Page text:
This document falls within the framework of the analysis project on the health of official language minority communities in Quebec led by the INSPQ, in collaboration with the Community Health and Social Services Network (CHSSN) and the Ministère de la Santé et des Services sociaux. This report focuses on the validity of the “language spoken at home” variable present in death records as they currently exist. This information is important since we use it to attribute a language status to the deceased based on this variable, especially for the mortality analysis with relation to linguistic group.

In our work, language is a health determinant. Therefore, it is used as a discriminating factor, which has rarely been the case in Quebec up until now. Some ecological studies have indirectly taken a look at linguistic communities since they were interested in neighbourhood and socioeconomic status. Other studies that took place between 1970 and 1980 have used ethnicity, which was formerly recorded in the death record. Since the early 1980s, more interest has been displayed towards the language spoken at home but it was mostly for demographic purposes, not sanitary ones. Mortality was used to anticipate population growth or measure the demolinguistic component of Quebec’s population without directly looking at the health condition of linguistic communities. However, in certain studies, authors have raised some questions about how reliable the “language spoken at home” variable recorded on the death certificate actually is. Our study specifically pushes this question further.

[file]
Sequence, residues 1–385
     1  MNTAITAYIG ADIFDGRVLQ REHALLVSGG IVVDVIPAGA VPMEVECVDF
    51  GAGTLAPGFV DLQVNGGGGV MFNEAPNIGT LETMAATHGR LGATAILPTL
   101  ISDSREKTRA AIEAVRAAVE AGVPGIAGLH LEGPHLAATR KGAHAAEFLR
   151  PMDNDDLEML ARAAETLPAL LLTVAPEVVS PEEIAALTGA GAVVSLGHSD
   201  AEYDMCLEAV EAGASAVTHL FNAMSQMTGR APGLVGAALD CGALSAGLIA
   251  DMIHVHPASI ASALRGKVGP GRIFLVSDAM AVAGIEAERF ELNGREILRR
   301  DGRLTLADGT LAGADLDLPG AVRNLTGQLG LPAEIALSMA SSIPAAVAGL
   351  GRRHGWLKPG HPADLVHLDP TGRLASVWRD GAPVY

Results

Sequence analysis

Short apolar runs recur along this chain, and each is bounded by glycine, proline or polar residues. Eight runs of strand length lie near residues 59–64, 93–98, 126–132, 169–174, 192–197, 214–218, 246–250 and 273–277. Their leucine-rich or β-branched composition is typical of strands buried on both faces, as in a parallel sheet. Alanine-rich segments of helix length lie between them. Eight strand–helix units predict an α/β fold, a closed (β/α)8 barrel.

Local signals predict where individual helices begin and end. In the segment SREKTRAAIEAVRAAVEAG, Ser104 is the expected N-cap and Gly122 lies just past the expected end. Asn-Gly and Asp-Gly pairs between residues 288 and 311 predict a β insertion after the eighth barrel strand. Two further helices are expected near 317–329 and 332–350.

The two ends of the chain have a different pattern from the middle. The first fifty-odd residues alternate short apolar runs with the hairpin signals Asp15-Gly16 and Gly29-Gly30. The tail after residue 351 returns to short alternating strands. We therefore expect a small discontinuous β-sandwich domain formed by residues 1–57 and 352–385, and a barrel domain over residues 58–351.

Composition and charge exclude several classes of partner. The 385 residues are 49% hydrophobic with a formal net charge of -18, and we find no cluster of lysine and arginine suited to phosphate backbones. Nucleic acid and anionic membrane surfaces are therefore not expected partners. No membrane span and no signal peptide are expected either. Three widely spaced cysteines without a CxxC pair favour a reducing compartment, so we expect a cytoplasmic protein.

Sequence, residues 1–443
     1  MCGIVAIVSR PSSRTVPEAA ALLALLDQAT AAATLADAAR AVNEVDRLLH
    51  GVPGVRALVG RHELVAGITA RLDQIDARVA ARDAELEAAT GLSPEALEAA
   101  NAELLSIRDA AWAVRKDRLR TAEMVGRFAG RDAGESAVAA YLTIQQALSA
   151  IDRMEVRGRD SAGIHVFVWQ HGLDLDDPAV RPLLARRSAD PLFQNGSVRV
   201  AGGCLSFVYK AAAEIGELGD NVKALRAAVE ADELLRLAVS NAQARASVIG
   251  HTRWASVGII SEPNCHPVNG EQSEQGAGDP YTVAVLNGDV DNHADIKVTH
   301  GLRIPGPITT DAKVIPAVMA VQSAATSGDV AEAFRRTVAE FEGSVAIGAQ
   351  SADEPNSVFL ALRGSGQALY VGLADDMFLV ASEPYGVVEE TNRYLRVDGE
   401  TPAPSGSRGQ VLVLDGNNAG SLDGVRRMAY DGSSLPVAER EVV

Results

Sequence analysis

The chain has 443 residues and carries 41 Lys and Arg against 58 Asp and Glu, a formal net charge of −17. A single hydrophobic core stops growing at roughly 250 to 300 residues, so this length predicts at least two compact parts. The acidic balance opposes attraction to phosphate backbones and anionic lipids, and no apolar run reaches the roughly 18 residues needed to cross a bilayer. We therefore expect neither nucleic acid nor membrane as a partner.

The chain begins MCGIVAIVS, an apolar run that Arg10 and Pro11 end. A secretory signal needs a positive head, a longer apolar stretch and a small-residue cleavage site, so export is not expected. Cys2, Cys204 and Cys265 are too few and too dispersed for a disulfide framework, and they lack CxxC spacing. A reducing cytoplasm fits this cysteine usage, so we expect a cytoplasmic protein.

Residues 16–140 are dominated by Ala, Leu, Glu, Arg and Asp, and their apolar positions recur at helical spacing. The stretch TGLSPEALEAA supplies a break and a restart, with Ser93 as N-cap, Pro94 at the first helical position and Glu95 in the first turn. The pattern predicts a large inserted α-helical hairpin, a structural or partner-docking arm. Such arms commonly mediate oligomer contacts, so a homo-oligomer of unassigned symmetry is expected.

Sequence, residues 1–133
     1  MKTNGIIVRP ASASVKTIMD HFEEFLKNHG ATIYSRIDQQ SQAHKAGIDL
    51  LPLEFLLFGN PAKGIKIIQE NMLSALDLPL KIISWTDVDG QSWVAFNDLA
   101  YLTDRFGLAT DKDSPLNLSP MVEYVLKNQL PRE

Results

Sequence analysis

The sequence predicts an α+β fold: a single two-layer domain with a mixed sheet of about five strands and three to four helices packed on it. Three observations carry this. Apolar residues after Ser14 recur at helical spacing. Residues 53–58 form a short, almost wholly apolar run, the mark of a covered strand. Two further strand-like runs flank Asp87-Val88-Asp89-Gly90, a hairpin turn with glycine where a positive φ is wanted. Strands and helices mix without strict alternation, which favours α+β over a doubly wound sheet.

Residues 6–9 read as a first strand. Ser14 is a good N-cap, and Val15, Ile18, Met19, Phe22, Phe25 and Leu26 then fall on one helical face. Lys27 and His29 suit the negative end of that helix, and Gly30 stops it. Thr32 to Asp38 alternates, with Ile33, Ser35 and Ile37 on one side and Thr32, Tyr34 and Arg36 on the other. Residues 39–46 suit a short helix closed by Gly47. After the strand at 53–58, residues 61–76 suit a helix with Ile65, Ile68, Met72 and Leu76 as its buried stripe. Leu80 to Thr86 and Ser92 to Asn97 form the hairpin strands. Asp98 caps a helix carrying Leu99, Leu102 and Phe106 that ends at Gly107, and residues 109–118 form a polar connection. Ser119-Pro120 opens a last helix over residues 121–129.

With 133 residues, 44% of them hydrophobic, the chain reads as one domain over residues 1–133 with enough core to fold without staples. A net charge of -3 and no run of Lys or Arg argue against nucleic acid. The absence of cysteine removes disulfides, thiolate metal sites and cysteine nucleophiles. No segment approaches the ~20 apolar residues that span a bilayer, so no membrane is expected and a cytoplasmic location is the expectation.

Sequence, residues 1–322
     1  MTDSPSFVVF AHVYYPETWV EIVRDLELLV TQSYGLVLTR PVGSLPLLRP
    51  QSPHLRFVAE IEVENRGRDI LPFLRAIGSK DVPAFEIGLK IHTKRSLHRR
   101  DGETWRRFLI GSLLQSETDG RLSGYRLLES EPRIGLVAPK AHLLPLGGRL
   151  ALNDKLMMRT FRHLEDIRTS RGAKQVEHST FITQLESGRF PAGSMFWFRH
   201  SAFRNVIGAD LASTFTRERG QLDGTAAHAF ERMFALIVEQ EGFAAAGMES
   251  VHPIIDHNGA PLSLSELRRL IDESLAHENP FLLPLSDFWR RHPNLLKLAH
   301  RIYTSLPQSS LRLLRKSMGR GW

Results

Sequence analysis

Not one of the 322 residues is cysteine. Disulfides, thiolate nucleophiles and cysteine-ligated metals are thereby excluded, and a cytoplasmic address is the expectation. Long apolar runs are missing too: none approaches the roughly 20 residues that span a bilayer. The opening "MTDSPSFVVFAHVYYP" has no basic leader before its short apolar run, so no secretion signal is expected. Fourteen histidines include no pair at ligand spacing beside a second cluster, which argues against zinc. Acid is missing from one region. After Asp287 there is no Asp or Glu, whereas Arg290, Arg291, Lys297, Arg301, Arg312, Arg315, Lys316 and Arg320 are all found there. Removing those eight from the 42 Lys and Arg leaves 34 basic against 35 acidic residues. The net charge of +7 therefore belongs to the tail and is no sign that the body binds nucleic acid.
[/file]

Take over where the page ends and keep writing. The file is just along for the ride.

The Fichier des décès du Québec is widely used for mortality analysis, still not all variables carry the same weight . The “language” variable that should be included on the death certificate is missing in 6% to 13% of cases, depending on the year for the period studied (1990 to 2007). Within that timeframe, that variable is missing for 108,635 out of 959,786 deaths, which represents an overall proportion of 11.3%.




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